On February 12, 2015, the U.S. Department of Justice announced that three U.S. importers have agreed to pay over $3 million to settle a False Claims Act suit involving imports of aluminum extrusions from China. The importers, which sell shower doors and shower enclosures, were accused of evading antidumping (AD) and countervailing (CVD) duties on imports of Chinese aluminum extrusions by falsely declaring Malaysia as the country of origin, when the goods were manufactured in China and merely transshipped through Malaysia.  Imports of aluminum extrusions from China have been subject to AD/CVD duties since 2010, while there are no such duties in place against aluminum extrusions from Malaysia.  The companies also allegedly purchased Chinese aluminum extrusions imported by other domestic companies and caused or conspired with those importers to make false declarations to the U.S. Customs and Border Protection (CBP) to evade duties.  In addition, a purportedly Malaysian subsidiary of the Chinese producer allegedly undervalued the imported aluminum, causing the amount of declared duties to be lower.

The suit was originally filed in April 2013 by an individual, who helped U.S. companies find foreign sources of aluminum extrusions, under the qui tam provisions of the False Claims Act (also known as the whistleblower provision).  The government intervened six months later and took over the suit. This recent case demonstrates the growing use of the False Claims Act to combat the fraudulent circumvention of Customs duties. 

The False Claims Act prohibits the submission of false or fraudulent claims for payment to the U.S. government and permits private parties acting on behalf of the government to bring a civil action on such claims against U.S. importers (and their co-conspirators) based on their knowledge of fraud committed against the government.  Although the FCA is primarily used to pursue fraud in federal procurement, there has been an increasing trend in the number of FCA cases involving trade and customs violations.  A major factor contributing to the growing use of the FCA is the financial incentive for bringing FCA actions.  Violators may be assessed civil penalties of up to $11,000 per false claim (e.g., per customs entry) and treble damages based on the government’s actual loss of revenue. In addition, a provision added to the FCA in 1986 allows whistleblowers who file the case to receive as much as 30 percent of any penalties awarded.  In the recent aluminum extrusion case, for example, the whistleblower received $555,100 as his share of the settlement.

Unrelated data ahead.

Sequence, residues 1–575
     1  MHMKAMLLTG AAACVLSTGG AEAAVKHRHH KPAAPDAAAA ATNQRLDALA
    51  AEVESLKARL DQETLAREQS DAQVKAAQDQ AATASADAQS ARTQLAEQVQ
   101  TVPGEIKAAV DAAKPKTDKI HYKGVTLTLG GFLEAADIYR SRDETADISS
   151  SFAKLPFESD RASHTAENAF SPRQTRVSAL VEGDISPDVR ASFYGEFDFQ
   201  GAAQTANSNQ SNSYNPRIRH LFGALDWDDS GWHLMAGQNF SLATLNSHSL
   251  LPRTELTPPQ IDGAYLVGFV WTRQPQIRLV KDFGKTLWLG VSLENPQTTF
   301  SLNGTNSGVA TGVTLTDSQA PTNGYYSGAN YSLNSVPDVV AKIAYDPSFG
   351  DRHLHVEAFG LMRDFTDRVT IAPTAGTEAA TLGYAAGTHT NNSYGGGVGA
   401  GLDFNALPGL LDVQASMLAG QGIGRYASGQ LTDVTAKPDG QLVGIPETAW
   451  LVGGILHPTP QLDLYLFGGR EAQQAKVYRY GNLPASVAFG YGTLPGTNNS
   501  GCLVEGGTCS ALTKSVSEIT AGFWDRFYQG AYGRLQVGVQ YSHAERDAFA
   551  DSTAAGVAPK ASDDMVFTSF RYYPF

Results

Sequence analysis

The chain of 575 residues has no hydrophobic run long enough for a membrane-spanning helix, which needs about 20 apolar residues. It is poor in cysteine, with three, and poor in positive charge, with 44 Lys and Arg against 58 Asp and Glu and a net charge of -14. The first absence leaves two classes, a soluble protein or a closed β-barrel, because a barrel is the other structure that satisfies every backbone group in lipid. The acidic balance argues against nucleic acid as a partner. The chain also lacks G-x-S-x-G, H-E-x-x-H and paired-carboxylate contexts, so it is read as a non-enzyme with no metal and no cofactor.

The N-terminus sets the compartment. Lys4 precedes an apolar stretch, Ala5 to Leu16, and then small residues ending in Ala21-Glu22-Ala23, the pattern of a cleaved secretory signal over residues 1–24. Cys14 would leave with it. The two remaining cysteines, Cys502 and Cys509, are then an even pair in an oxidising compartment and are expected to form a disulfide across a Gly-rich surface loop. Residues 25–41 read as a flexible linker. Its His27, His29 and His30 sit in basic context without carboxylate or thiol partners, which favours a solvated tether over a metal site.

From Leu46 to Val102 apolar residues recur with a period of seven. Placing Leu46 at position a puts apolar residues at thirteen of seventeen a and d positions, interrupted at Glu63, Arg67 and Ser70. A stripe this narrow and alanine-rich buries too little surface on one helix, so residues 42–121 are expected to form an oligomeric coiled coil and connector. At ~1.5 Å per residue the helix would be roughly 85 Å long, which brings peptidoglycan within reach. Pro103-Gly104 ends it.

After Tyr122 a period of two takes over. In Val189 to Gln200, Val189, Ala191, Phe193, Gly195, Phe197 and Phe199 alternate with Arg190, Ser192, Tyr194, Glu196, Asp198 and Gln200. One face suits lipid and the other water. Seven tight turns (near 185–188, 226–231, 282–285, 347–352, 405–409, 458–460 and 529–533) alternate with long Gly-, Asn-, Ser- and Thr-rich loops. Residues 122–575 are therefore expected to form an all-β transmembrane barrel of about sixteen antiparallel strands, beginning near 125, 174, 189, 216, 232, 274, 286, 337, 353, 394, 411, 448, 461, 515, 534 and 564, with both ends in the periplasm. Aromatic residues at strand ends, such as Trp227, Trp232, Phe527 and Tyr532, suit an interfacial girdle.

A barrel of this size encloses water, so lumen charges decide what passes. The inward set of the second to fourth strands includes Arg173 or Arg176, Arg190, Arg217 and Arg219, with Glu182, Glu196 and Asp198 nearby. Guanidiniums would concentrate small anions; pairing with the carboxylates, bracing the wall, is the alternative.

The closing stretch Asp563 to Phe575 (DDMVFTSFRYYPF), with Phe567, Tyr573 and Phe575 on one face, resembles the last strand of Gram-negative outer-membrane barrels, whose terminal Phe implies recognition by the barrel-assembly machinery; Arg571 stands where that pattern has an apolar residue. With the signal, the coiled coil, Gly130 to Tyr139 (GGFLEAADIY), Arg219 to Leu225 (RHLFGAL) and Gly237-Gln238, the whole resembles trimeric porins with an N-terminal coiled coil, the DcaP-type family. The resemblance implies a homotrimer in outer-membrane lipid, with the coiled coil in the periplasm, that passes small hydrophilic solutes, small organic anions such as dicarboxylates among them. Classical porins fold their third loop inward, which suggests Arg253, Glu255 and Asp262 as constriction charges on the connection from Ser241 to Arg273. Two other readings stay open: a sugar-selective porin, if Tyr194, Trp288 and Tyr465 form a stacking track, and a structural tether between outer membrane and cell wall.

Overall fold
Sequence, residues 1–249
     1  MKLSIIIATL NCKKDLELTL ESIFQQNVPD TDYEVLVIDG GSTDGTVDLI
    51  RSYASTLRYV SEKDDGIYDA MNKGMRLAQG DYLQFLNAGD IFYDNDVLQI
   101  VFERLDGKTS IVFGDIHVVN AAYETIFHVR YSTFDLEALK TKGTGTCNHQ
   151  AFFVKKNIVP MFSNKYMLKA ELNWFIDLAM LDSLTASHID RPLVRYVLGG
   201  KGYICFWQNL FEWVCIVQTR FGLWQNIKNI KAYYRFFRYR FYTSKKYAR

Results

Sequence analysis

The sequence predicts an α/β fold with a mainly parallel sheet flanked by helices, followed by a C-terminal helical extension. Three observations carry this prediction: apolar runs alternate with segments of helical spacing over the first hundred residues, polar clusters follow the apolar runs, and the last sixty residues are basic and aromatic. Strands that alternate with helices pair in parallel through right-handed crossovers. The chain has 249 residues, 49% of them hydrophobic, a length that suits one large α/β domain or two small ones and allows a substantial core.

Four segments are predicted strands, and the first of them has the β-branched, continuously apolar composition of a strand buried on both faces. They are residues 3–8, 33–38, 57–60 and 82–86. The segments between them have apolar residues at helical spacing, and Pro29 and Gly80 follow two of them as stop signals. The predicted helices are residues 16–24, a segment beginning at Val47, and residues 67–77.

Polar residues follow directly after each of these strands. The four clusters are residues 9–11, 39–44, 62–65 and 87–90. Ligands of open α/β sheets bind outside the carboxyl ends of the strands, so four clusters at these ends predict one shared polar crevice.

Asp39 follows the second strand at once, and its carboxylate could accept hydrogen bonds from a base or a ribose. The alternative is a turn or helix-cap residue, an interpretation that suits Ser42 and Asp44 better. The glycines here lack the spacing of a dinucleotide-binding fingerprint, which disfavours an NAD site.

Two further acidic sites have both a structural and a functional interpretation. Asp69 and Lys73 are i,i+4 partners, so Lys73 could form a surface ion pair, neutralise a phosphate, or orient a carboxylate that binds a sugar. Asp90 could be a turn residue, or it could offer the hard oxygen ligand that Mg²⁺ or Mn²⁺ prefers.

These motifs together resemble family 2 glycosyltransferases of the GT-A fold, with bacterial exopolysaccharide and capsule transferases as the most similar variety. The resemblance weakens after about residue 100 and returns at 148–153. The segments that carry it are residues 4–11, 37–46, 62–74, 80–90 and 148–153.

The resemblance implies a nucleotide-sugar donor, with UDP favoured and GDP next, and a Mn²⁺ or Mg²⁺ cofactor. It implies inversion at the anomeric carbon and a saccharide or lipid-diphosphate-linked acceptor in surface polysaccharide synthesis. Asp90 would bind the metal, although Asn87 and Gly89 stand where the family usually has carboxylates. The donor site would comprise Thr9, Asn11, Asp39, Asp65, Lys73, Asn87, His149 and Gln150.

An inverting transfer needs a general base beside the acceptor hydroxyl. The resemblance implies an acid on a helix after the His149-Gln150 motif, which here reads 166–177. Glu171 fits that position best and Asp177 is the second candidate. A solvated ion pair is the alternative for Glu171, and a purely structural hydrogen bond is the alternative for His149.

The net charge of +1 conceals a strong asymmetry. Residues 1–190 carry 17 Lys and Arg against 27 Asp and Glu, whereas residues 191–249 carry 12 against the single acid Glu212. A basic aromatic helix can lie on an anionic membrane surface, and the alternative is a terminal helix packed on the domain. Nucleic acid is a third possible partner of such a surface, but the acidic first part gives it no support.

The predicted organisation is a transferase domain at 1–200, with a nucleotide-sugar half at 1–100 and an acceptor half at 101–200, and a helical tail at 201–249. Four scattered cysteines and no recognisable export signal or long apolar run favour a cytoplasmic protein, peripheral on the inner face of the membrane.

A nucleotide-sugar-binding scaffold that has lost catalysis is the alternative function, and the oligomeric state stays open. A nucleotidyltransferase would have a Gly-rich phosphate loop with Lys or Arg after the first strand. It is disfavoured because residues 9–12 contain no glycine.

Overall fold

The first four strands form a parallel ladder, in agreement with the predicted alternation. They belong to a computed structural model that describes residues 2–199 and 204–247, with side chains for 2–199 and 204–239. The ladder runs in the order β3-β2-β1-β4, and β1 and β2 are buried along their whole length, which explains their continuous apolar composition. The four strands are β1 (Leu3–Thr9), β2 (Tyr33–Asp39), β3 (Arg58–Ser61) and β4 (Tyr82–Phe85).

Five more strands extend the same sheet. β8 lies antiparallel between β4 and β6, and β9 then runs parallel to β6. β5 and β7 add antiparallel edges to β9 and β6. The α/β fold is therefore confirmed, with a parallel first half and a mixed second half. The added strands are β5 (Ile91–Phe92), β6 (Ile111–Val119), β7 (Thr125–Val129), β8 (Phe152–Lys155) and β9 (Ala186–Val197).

There have been several other FCA cases involving Customs violations in recent years that have resulted in some success.  For example, in December 2012, a Japanese company and its affiliates paid $45 million to settle allegations that they violated the FCA by misrepresenting the country of origin of pigment (CVP-23) to avoid AD and CVD duties.  In addition, in November 2013, another importer of aluminum extrusions agreed to pay $1.1 million to settle claims that it violated the FCA by submitting inaccurate country of origin and import value information to Customs.  In March 2014, an importer of computer cable assemblies agreed to pay $1.2 million to settle FCA allegations that it underpaid customs duties owed on Chinese goods.  In April 2014, a protective electronics case maker, Otterbox, paid $4.3 million to settle allegations that it violated the FCA by knowingly underpaying Customs duties by allegedly omitting the value of “assists” from the dutiable value declared on documents submitted to Customs. Also in April 2014, two U.S. importers of women’s apparel agreed to pay $10 million to settle charges that over a nine-year period they evaded millions of dollars of Customs duties by undervaluing their shipments.